Understanding My Fear of Abandonment

Woman gazes out the windowI am a 59-year-old female. Just recently have I come to understand the consequences of being abandoned over and over again while growing up. Sadly, history repeated itself with my own daughter, in a most tragic way.

My dad was a compulsive gambler. Several times a year he would go to work and just not come back home for weeks, sometimes months. I remember this starting at the age of 4 or 5.

Unfortunately, my mom was not the type of person who could conceal her fears, not even for her children’s sake. She would call me into the kitchen and ask me what we were going to do. How are we going to pay the utility bill so the electricity and heat are not turned off? Where are we going to get money for food?

There were five of us children. I was the second child, with a brother one year older, two sisters—six and eight years younger—and another brother nine years younger. I was called “the little mother” and was the most responsible one. At 8 years old, I was left to care for all of them while my mom walked in freezing weather to a church to ask for food. Our electricity and heat would be turned off in the dead of winter.

Through all of this, I still adored my dad, which may seem like a mystery. When he was home, he was emotionally distant. He showed little or no interest in his children’s lives. My mother was emotionally and physically abusive to me, more than the others. When she was angry with him, she was angry with me. She would say I looked too much like him. My personality was too much like his. I was lazy and useless—blah, blah, blah. He did not protect me from her. I internalized all these feelings at a young age. I tried to do better by being the problem solver and the caretaker. It was my responsibility.

When I was 17 I dropped out of school and married to get out of the house. My husband was a nice guy, but we were too young. We had a daughter, and we divorced when she was 4. I moved back in with my parents and obtained a GED. At 22, I met a man two years older and spent the next 14 years living with him. I did not know it in the beginning, but he was an alcoholic and an abuser. That’s when my other nightmare began.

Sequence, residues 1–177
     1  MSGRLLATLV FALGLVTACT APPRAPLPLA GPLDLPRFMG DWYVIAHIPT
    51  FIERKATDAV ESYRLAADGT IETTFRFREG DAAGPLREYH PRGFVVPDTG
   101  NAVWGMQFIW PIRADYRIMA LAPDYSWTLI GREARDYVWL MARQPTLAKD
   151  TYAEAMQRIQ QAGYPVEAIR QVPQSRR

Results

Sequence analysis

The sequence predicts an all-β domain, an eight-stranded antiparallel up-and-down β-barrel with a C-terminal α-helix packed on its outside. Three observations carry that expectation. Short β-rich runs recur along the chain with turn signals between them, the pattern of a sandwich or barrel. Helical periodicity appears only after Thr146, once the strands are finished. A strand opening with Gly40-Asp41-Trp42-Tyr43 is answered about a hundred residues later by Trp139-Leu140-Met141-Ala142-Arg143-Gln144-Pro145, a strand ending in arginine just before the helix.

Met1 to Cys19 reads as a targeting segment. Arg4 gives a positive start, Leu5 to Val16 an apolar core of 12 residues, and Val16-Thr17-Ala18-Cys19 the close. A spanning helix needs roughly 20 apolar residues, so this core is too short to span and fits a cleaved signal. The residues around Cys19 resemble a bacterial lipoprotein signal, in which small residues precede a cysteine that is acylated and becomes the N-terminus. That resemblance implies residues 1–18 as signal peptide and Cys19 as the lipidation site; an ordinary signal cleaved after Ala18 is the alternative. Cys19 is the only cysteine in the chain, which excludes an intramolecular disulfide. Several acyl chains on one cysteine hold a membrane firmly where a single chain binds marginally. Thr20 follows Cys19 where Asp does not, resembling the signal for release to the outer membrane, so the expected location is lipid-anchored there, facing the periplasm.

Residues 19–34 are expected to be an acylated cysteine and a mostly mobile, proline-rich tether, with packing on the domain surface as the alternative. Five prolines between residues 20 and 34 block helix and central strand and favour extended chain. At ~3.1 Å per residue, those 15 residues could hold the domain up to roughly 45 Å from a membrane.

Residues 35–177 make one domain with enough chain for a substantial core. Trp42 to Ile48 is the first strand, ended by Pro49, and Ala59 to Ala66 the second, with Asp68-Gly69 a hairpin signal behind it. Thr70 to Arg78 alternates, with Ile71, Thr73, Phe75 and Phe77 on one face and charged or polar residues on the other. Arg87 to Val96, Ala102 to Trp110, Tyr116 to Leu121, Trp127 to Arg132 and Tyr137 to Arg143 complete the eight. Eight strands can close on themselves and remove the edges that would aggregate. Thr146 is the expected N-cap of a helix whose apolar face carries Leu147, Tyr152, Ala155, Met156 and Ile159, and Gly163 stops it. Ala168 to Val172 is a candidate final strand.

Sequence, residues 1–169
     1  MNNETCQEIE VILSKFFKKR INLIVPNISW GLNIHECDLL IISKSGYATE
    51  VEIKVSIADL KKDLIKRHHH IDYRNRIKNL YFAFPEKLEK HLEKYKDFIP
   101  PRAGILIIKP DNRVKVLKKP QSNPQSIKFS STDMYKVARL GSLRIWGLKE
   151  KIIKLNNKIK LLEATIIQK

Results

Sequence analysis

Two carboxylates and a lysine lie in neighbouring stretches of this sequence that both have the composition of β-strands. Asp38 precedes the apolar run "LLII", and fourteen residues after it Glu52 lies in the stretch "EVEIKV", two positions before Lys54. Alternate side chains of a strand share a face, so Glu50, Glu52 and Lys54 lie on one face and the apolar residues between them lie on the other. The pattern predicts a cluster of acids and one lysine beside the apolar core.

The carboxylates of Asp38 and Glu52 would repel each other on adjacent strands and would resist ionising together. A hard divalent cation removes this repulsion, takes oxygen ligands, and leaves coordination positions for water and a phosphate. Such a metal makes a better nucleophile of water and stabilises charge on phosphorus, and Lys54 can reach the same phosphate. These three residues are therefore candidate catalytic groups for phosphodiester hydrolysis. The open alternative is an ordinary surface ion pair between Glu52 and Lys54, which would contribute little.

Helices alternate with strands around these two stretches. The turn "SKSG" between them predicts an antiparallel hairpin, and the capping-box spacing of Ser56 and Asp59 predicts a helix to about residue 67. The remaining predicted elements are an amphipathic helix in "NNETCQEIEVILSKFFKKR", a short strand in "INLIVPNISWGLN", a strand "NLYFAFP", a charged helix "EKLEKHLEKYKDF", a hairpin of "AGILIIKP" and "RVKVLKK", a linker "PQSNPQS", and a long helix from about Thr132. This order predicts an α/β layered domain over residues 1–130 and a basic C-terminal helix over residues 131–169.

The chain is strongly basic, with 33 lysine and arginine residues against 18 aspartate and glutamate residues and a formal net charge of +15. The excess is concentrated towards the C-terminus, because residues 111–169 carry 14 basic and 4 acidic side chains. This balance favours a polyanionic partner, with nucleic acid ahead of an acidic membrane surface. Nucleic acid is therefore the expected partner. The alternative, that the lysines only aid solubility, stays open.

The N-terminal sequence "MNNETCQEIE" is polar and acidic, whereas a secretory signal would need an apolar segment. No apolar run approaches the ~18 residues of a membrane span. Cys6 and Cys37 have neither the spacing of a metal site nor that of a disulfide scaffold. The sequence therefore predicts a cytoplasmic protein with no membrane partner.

Over the course of the next 14 years, my older brother was sent to prison, my mom died, and my two sisters committed suicide due to major depression. I did not know it at the time, but it was a genetic trait in my family. Looking back, I am sure I suffered from depression and chronic anxiety as well. I had my first panic attack when I was 17. They became more severe and increased in frequency over the years.

By that time I had become a functioning alcoholic. It helped me (or so I thought) cope with the abusive relationship I was in, the losses I had suffered, and my anxious and depressed state. During all this I managed to work full time and maintain a semblance of control. Of course I really had no control. I had no real support system, and I did not confide in my friends, who were also my coworkers. What happened next would completely shatter me.

A Heartbreaking Mistake

My daughter was 13 when I found out she was being sexually abused by my live-in boyfriend. I picked up the phone and called an agency. I was put on hold and waited for just a few seconds, I am sure, but it seemed like hours. Then I made the most heartbreaking mistake of my life by hanging up. Four years would go by before my daughter confided in someone, which took it out of my hands. There was a trial and a conviction.

Almost 25 years have gone by since. I cannot even put into words how that split-second moment in time, when I chose to hang up that phone, has forever changed the course of my daughter’s life and my own. My daughter has forgiven me, but I feel I will never forgive myself. Whenever my daughter has difficulties in life, I blame myself.

She experiences bouts of depression and anxiety. Is it because of the stress she went through for most of her childhood, the hereditary factor, or both? I will never know. I feel I have been too lenient with her in the past due to the guilt I carry. She has three daughters now. I hold back from giving advice or opinions on issues regarding my granddaughters. Who am I to advise her after I had failed at one of the most basic tenets of motherhood?

All these years I have tried to reconcile the person I knew myself to be and the person who froze at such a crucial moment, and kept my daughter in an unthinkable situation for an additional four years. All the years of introspection and intermittent therapy with numerous therapists did not help me with the insight as to why I did not protect my child. Until now.